Concave transparent acrylic body with spherical curvature. A rolling ball oscillates
inside the concavity about its rest position like a mathematical pendulum does.
The radius of curvature is equivalent to the length of a normal pendulum.
Diameter of balls: 16 mm
Radius of curvature: 200 mm
Diameter: 140 mm
A rolling ball bearing moves inside a concave acrylic body of spherical curvature. The radius of curvature of the acrylic body corresponds to the length of the pendulum. One special case is a circular motion of the ball around the vertical where it acts like a conical pendulum. Mathematically speaking, the way the location of the oscillating ball changes over time is described by the space vector in spherical coordinates.
I have recently completed the MA Art and Science course at Central Saint Martins. For my degree show, I wanted to present work that mapped and visually traced a variety of processes including oscillations, Lichtenberg figures and pendulum movements using a variety of mechanisms like harmonographs and Wimshurst machines. My practice involves finding ways of visualising mathematical concepts and the nature of physical laws, from electromagnetism and sound to elementary particles. I have been researching and selecting different types of natural phenomena that can be described using equations.
MAXWELL’S EQUATIONS AND LICHTENBERG FIGURES
I applied to show my work at Imperial College as part of the Center for Doctoral Training event. I displayed some pieces that are direct visualisations of static electricity (Lichtenberg figures, see below). During my time at the college, I spoke to MRes student Jeevan Soor about my works. He spoke to me about Maxwell’s equations and how they help to describe Lichtenberg figures. I wondered if the toner dusting process had been used in forensic science and he mentioned that footprints are recorded using an electrostatic lifter. Forensic scientists use a device that generates static charge, and the charge draws the dust from the print on to the black plastic.
I have been exploring the possibilities of using electricity as an artistic tool. Through using a Wimshurst machine, I have been charging up plastic surfaces with static then dusting powders on the surface, thus visualising the invisible Lichtenberg figures left in the plastic. I then exposed the patterns onto photopolymer plates, resulting in works that are visually similar to the piece above. The works are direct visual representations of electricity.
TUNING FORK DRAWINGS
I demonstrated and recorded sound oscillations. This is a recording of sound oscillations on a sooted glass plate. One of the two prongs was equipped with a metal tip. I also used the tuning fork on a zinc etching plate. (below)
KEPLER’S LAWS DRAWN IN SULPHUR
The artwork below depicts different phases of the Belousov-Zhabotinsky reaction (2016). The zebrafish is a model organism for pattern formation in vertebrates. First found in chemicals in dishes, (Belousov-Zhabotinsky) then in the stripes and spirals and whorls of animals, Turing patterns are everywhere. Perhaps these patterns extend to ecosystems and galaxies. My plotting electrode and its graphical depiction of Kepler’s laws (image above, 2017) is also a visual representation of Turing inhibitors because the electrode is constantly turning on and off – hence the zebrafish texture.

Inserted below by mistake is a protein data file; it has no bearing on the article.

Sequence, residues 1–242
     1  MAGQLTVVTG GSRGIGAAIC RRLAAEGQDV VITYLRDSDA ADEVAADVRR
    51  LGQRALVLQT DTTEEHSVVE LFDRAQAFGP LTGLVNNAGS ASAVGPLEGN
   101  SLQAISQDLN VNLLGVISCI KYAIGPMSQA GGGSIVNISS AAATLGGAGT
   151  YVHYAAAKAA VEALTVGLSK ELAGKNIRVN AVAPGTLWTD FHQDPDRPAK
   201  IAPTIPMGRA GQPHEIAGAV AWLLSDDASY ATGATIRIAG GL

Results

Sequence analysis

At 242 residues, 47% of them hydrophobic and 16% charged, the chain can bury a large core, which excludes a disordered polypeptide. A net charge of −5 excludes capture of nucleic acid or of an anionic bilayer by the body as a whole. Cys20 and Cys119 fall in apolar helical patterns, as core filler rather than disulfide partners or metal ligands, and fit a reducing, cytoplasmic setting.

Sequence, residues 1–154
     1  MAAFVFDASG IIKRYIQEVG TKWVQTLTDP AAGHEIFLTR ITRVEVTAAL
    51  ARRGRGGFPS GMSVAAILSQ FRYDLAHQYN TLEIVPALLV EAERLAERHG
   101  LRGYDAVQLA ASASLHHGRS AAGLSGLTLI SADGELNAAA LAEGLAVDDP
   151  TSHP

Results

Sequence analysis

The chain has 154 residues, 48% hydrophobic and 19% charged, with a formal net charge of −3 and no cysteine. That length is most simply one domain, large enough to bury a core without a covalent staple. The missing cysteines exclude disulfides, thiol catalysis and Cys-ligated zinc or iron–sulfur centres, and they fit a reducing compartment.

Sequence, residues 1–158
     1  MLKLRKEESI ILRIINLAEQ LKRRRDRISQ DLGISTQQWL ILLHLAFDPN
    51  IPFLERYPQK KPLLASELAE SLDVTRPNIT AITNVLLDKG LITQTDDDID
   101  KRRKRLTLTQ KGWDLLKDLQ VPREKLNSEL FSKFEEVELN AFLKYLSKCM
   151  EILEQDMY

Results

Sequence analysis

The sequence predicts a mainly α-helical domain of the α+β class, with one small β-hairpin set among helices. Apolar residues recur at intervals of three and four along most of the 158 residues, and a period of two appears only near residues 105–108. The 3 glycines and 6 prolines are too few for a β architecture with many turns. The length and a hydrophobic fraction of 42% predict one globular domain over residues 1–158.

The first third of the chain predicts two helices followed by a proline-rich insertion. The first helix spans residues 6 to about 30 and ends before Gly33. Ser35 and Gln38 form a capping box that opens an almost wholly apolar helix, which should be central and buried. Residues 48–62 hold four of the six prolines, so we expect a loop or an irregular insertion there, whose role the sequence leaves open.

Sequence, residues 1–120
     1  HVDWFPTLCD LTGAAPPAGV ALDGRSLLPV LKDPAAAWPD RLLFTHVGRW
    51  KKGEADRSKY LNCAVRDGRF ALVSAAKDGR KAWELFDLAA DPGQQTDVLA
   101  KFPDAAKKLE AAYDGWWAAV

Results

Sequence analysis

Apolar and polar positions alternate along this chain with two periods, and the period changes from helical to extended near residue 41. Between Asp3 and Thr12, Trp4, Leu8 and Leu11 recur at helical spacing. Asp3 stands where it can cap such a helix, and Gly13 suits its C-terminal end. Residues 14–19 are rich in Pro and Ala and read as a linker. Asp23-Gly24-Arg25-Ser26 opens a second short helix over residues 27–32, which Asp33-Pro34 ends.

I’m interested in making links between processes, using the micro to explain the macro – for example, Lissajous figures drawn in sand could be illustrative of Lissajous orbits – the orbital trajectories of planets. My work unravels like Ariadne’s thread, proceeding by using multiple means and attempting exhaustive applications of logic.
Some of the processes are mathematically chaotic in nature, and leave behind a fractal pattern. The idea of chaotic patterning is fascinating and may seem contradictory – one pendulum may represent chaotic motion, the other harmonic – the Lichtenberg figures are chaotic discharges, but may also display self-similarity.
I’m interested in the idea of the mechanical prosthesis between the artist and the art – the work being able to describe something of the natural world. The performative aspect of the work also takes the form of scientific demonstration to be able to describe something about the inventor or discoverer of the equipment or process I am demonstrating.
The delineation of time is also important – simply through visual analysis, the individual strokes of some of my pieces can be given time stamps. The marks produced by plotting electrodes change in reference to its speed – the same can be said for the tuning fork works.
How do these small (Wimshurst machine) and giant (the Large Hadron Collider) technological devices help us to understand the physical universe on different scales?
The relationships that connect this world together are mysterious, indeed, why do these relationships exist? Why and when does mathematical structure appear? Is it that the structure of physical laws is transmitted from a solitary point – the symmetry that becomes diminished and scatters as the universe unwinds itself to the viewer?
‘Kepler, Sulphur Drawing 1’: The curved movement of a plotting electrode is recorded using the sulphur-marking system. This produces time-interval marks. Using the distances between the marks as points of reference, one can measure the speed of the electrode. An alternating voltage at the mains frequency is applied between the electrode and the tracing plate, so that the sulphur powder is alternately attracted and repelled according to the changing polarity.